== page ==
It’s good to be a part of the hive mind, especially as brilliant as this one, so give in …resistance is futile, you will be assimilated!

Would you be interested in working with us on the technologies? How much need do you have for an elaborate faceted navigation in your projects? Did you have a need to add a commenting (site wide) to a site that already works, in a way that is not intrusive and that allows you to moderate comments in with the EPiServer editing mode integration? Which one would you find more interesting for us to start working on making public?

Is EpiServer a hard-shelled clam or what?

As much as I seem to be enjoying my trip with EpiServer there are some little things I don’t seem to appreciate all that much and I’m not quite sure how to work around some of them in an elegant way.

EpiServer has a fairly advanced way of dealing with properties but it also seems to be a bit tough on the developer whenever you try to do something more than just strictly using its API-s. One of the areas I don’t really enjoy is the dealing with the pages that are expired or generally unavailable for the user for various reasons.

In the project that we’ve been implementing recently we needed to store page ids for further reference in numerous places and although this generally works, accessing a page that’s been deleted, expired or not published yet, has proven to be a challenge and I can’t seem to be able to find an elegant solution around it.

For instance, we have a list of bloggers, that are stored in our faceted navigation with links to their pages, our system lists them and the links to their pages, should someone’s page be unpublished yet – we run into problems.

Another good sample of where this is needed is a list of pages (A multi-page property of sorts). There seems to be no implementation of a multi-page property in EpiServer and the only reasonable implementation that I’ve been able to find is available through EpiCode. The following is it deals with the pages going in or out of the system, which leads me to think that the only way of checking whether a page is available for me is to instantiate it with all the consequences of it:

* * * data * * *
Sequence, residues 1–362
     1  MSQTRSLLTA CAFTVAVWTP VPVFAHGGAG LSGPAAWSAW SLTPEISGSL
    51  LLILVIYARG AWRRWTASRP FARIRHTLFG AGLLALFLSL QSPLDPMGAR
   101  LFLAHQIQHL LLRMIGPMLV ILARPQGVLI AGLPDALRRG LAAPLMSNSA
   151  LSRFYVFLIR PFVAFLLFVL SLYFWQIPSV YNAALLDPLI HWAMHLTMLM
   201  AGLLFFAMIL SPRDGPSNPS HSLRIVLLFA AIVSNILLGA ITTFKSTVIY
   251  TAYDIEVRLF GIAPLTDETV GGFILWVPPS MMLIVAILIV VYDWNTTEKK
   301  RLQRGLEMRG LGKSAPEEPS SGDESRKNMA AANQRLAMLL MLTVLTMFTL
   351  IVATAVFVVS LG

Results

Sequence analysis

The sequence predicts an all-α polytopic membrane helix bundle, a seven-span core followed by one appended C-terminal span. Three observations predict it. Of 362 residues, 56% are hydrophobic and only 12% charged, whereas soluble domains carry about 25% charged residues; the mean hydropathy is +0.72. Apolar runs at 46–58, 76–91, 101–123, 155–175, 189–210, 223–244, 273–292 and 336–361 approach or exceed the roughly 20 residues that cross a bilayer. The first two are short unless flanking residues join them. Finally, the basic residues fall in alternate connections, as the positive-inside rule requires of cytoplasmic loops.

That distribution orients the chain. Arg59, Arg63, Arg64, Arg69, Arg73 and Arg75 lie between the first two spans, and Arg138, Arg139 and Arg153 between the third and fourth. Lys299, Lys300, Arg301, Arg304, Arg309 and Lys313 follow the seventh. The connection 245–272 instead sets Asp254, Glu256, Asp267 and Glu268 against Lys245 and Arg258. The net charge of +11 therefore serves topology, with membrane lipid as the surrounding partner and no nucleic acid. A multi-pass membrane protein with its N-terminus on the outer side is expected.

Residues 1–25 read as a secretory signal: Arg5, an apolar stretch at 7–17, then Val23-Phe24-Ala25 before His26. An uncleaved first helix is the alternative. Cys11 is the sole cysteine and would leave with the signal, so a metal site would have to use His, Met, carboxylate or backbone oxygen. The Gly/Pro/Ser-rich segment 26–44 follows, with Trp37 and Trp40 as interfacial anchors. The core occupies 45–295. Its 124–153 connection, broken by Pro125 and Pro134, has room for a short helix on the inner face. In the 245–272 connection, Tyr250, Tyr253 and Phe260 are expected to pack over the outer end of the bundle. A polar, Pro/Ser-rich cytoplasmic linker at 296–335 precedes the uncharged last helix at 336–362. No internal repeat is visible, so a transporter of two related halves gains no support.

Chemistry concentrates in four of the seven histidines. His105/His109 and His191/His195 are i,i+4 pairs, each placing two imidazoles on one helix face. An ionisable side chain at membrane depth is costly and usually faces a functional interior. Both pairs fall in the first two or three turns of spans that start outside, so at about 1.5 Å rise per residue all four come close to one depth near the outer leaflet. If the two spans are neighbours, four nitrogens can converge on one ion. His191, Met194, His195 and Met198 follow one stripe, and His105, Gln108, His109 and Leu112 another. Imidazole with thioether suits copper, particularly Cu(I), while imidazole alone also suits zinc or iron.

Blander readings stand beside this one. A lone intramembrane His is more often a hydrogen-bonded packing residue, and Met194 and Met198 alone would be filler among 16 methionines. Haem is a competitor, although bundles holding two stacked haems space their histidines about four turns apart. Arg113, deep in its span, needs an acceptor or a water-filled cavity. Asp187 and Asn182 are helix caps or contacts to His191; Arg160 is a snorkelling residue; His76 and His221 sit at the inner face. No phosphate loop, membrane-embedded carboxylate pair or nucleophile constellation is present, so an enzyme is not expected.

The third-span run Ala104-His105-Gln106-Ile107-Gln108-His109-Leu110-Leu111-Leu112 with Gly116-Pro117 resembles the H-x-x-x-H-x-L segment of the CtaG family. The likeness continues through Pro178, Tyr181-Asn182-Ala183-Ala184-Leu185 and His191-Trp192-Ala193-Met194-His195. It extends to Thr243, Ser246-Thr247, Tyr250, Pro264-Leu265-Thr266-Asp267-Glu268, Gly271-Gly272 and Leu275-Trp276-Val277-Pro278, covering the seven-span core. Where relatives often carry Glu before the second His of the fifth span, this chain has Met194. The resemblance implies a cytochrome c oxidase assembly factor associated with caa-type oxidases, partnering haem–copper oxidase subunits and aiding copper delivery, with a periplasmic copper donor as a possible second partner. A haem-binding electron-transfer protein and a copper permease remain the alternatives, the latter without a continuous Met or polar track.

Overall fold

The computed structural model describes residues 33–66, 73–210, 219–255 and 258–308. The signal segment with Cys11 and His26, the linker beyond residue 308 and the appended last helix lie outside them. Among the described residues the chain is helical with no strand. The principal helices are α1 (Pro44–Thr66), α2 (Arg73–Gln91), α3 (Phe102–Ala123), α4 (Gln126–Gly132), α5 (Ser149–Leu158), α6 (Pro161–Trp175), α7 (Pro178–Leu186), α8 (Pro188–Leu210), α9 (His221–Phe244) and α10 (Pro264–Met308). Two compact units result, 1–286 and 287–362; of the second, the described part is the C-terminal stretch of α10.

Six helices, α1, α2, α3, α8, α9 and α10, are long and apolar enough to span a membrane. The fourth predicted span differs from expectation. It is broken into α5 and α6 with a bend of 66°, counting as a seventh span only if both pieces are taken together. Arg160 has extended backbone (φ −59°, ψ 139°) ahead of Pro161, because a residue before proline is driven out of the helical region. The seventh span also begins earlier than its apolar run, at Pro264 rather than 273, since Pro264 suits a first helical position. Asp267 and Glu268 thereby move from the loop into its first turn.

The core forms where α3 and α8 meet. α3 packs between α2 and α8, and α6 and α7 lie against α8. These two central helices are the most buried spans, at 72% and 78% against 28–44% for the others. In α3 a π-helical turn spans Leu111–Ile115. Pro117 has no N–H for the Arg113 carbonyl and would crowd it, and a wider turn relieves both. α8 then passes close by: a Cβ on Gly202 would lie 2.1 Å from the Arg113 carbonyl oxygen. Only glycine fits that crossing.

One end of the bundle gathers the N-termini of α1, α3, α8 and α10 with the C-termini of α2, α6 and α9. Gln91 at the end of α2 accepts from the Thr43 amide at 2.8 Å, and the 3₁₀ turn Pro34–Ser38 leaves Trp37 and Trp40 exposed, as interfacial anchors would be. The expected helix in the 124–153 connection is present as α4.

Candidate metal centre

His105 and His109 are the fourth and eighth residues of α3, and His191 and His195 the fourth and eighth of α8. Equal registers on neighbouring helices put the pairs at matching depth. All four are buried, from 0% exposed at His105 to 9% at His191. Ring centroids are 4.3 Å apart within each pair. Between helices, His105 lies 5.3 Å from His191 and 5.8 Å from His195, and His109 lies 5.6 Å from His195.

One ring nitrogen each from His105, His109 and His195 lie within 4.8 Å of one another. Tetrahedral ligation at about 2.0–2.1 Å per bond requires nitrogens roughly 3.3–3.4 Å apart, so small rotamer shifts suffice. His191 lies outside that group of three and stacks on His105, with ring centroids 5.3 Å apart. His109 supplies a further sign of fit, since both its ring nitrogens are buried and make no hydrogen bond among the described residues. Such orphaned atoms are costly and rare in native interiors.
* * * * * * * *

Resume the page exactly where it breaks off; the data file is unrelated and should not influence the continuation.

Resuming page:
// get the page with error handling for // access denied or deleted page try { PageData page = Global.EPDataFactory.GetPage(pageref); isExternalLink = (page.StaticLinkURL != multipageLinkItem.Url); if (page != null && isExternalLink == false) _selectedPages.Add(page); } catch (PageNotFoundException notFoundEx) { // We should not add the page if it // does not exist } catch (EPiServer.Core.AccessDeniedException accessDeniedEx) { // User is not allowed to see page, skip it } catch (Exception ex) { // The page could not be loaded, for some other // reason. System.Diagnostics.Debug.Write("Page could not be loaded: " + pageref.ToString(), "PropertyMultiPage"); }

What I do not like about this part (of an otherwise remarkable piece) of code is that exceptions are not supposed to be the driving force of the program flow. But in this case they seem to have been forced to do it. It’s like I had to open a file to check its size or whether it even exists.

I can see why the system will not let me visit the page if I’m not allowed to do it as a user, but the fact that the API frowns at me whenever I even try to instantiate it just to check its existence or my rights to it has proven to be quite problematic. After all a user is not supposed to see a login screen in the list of pages, but rather when he/she enters a page that he/she no no rights to. Better yet, give me a way to check whether I even can access it.

Is there one already? Has anyone heard? Did anyone see?

EPiCode hits IRC

I’ve discovered yesterday on Steve’s blog that him and our other friends on EpiCode have gathered on IRC (something I’ve been lobbying here at our company for quite a while). Come, drop by, let’s meet!

I’ll definitely try to hang out there as much as I can. great to meet you guys.

As Steve suggests – grab yourself a copy of XChat or aMirc, connect to irc.freenode.net and /join #epicode
Read the rest of this article »

Posted in EPiCode, EPiServer, Software Development, Web applications
1 Star2 Stars3 Stars4 Stars5 Stars (2 votes, average: 5.00 out of 5)
Loading...
| 3 Comments »